The Workplan identifies each action’s completion date; work on the action will begin a at least a year or two before this date, depending on the species’ range, other biological complexities, and staffing consideration. If you have information or questions about the species that occur in your areas, we ask that you coordinate with the Field Office Supervisor in the appropriate state. For some of these species, the Service’s lead field office is one located in another Service Region. As of FY 2017, the national Workplan addresses status reviews for 112 species occurring in Region 5 (69 R5 lead; 43 non-R5 lead). For more information, contact Krishna Gifford in our Regional Office at email@example.com.
2. Yellow lance and Atlantic pigtoe mussels (MD, VA, NC, SC, GA) – On September 22, 2014 (Atlantic pigtoe), and September 9, 2015 (yellow lance), the Service and the CBD filed stipulated settlements in the District of Columbia, agreeing that the Service would submit to the Federal Register a 12-month finding for the yellow lance no later than March 31, 2017, and for the Atlantic pigtoe no later than April 1, 2018. On April 5, 2017, the Service published in the Federal Register a proposed rule to designate the yellow lance as a threatened species. The public comment period closes on June 4, 2017. A publication date for the 12-month finding for the Atlantic pigtoe has not yet been determined.
The yellow lance proposed rule can be accessed here: https://www.gpo.gov/fdsys/pkg/FR- 2017-04-05/pdf/2017-06783.pdf.
For more information, contact Sarah McRae in our Raleigh North Carolina Field Office at firstname.lastname@example.org.
3. Tricolored Bat Petition (All States) – On June 14, 2016, the Service received a petition from the Defenders of Wildlife and the Center for Wildlife Diversity to list the tricolored bat (Perimyotis subflavus) as an endangered or threatened species. We are required to make a substantial or not substantial finding on whether the petitioned information indicates that the petitioned action may be warranted. If we find that the petition is substantial, we will initiate a status review for the species which would be based on evaluating all of the best available information. A 90-day petition finding for the species should be published by the summer of 2017. For more information, contact Krishna Gifford in our Regional Office at email@example.com.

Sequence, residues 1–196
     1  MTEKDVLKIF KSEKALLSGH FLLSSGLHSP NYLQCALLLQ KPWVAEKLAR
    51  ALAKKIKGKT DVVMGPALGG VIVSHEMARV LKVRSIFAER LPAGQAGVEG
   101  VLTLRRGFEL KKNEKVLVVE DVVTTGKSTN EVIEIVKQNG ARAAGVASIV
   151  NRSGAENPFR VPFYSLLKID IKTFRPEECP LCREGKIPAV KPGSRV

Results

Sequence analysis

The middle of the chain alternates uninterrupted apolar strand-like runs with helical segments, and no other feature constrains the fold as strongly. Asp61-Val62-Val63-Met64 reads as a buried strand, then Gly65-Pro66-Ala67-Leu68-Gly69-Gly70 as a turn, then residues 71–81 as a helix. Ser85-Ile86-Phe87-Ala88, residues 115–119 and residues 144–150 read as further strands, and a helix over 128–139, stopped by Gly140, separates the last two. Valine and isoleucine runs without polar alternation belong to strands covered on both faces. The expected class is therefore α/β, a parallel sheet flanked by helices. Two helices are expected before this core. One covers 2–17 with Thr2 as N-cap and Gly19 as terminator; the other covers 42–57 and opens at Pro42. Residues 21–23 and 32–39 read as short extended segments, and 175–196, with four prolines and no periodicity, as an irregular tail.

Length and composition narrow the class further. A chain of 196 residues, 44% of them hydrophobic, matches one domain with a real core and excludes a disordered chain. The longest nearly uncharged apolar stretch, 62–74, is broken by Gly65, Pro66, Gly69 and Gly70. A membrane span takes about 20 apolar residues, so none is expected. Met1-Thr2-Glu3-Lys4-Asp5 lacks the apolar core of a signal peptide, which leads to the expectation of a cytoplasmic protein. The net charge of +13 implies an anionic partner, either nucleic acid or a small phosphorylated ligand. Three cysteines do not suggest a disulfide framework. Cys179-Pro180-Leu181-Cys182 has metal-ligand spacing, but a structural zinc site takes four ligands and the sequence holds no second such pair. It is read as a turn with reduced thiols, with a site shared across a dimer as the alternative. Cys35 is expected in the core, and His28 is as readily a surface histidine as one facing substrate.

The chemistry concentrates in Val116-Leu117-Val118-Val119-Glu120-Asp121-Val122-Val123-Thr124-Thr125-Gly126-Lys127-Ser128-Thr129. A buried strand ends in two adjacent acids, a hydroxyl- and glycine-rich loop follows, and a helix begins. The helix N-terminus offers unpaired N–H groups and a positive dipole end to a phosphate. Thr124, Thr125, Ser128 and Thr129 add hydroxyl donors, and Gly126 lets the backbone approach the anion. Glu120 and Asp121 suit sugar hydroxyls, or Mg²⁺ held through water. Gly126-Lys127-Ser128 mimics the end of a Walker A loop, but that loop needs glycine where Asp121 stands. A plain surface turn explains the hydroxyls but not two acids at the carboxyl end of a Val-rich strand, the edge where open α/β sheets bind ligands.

4. Kenk’s amphipod Final Listing Determination/Proposed Critical Habitat Designation (DC, MD, VA) – On September 30, 2016, the Service published a proposed rule to list the Kenk’s amphipod (Stygobromus kenki) as an endangered species and made a determination that critical habitat was prudent but not determinable. The comment period on the proposed rule closed on November 29, 2016. Submitted comments, including peer reviewer comments can be viewed through www.regulations.gov under docket #FWS-R5-ES-2016-0030.
The Kenk’s amphipod is a small (maximum length 5.5 mm), eyeless, unpigmented crustacean inhabiting shallow ground water and associated springs and seeps. Historically, it has been found in a total of six seepage springs in Montgomery County, Maryland and the District of Columbia. Its habitat consists of hillside seepage springs in wooded areas within the watersheds of Rock Creek and the Northwest Branch of the Anacostia River. More recently, the species was also located in four seepage springs on Fort A.P. Hill in Caroline County, Virginia. The primary threats to the species’ viability are poor water quality, habitat degradation, and the effects of small population dynamics.